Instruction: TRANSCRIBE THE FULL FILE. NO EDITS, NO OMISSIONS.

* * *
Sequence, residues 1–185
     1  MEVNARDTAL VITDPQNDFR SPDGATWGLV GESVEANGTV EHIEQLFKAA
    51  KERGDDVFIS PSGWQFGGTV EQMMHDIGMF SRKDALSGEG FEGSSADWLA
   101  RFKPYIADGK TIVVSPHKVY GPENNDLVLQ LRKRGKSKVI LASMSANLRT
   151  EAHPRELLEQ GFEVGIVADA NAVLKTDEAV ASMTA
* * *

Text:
Sequence, residues 1–185
     1  MEVNARDTAL VITDPQNDFR SPDGATWGLV GESVEANGTV EHIEQLFKAA
    51  KERGDDVFIS PSGWQFGGTV EQMMHDIGMF SRKDALSGEG FEGSSADWLA
   101  RFKPYIADGK TIVVSPHKVY GPENNDLVLQ LRKRGKSKVI LASMSANLRT
   151  EAHPRELLEQ GFEVGIVADA NAVLKTDEAV ASMTA